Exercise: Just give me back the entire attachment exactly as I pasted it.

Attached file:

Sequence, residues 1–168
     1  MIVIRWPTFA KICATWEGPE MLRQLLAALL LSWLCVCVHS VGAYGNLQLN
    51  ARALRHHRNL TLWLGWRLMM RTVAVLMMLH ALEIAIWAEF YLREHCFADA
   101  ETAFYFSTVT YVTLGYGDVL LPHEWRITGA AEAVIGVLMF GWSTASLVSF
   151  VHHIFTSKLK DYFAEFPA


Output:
Sequence, residues 1–168
     1  MIVIRWPTFA KICATWEGPE MLRQLLAALL LSWLCVCVHS VGAYGNLQLN
    51  ARALRHHRNL TLWLGWRLMM RTVAVLMMLH ALEIAIWAEF YLREHCFADA
   101  ETAFYFSTVT YVTLGYGDVL LPHEWRITGA AEAVIGVLMF GWSTASLVSF
   151  VHHIFTSKLK DYFAEFPA